Assessing Fit of Latent Class Models to Complex Survey Data: Implications For Drug Use Research

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Markovitz, Carrie Elizabeth
Dayton, C M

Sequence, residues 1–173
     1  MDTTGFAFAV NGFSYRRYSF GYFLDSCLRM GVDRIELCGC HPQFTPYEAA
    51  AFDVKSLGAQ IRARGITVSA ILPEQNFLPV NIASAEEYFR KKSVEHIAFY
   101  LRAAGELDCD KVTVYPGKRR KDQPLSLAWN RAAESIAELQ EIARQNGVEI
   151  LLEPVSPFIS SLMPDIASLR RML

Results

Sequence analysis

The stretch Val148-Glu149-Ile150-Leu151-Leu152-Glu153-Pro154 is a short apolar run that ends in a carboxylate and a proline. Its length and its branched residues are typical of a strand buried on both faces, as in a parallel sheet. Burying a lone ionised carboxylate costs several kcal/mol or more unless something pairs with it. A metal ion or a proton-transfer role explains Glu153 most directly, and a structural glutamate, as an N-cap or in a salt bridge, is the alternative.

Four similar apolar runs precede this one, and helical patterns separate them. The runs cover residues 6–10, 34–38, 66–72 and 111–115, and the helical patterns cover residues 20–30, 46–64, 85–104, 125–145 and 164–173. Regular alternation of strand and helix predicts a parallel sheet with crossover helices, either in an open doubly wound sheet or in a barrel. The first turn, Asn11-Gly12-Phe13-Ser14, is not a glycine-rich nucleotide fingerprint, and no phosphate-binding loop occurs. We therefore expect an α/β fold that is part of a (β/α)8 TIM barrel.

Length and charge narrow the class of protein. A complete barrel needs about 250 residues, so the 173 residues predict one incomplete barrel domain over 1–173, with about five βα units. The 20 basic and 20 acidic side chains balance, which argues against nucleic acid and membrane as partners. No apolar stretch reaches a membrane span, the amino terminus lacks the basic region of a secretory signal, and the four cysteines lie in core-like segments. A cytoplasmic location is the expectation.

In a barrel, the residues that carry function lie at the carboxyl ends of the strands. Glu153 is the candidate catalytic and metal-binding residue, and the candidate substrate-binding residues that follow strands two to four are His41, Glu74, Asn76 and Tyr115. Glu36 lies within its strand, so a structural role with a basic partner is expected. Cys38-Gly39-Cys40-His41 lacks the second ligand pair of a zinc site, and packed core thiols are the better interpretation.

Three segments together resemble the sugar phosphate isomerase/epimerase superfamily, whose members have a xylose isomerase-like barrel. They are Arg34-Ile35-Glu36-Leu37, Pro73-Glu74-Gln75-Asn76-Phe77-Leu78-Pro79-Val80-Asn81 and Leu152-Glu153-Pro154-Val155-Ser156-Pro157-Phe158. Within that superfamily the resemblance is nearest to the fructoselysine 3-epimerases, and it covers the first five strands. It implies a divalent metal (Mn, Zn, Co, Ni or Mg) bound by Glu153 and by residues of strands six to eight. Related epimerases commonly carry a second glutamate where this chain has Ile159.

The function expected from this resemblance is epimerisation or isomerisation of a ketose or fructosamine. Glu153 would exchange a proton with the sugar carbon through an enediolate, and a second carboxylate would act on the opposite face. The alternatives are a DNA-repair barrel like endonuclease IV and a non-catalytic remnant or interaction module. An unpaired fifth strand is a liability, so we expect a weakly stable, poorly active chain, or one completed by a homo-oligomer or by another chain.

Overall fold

Simple random sampling is an assumption when using fit statistics to fit latent class (LC) models to data. However, LC models are often fit to datasets collected through complex survey sampling methods that may result in inaccurate estimates of standard errors, parameter estimates and fit statistics. This study examined how various comparison tests functioned for latent class models when using complex survey data. The motivation for this research is the issue of reported drug use patterns and whether changes in drug use have occurred over time. This issue was investigated using reported drug use data from the National Household Survey on Drug Abuse (NHSDA) for 1979 and 1988. Monte Carlo simulations were used to determine how well the various model comparison statistics (chi-square, AIC, BIC, RIC and Wald statistic) functioned for a variety of complex sample designs. In addition, a simulation based on the NHSDA data was used to answer the research question: Do patterns of reported drug use show change over time? The model comparison statistics were most accurate when sample sizes were large and item-specific error rates were low. Intraclass correlation, an indicator of how similar individuals are within the same cluster, appeared to have little effect on the accuracy of the model comparison statistics. Statistics were not as accurate when sampling from unequally weighted groups. The chi-square statistics and AIC were recommended for use with complex survey data based on their high rates of accuracy. More caution was recommended when using BIC and RIC. Results indicated that reported drug use patterns changed between 1979 and 1988. Most patterns of reported drug use increased slightly, with the exception of respondents characterized by alcohol and tobacco use alone that decreased substantially.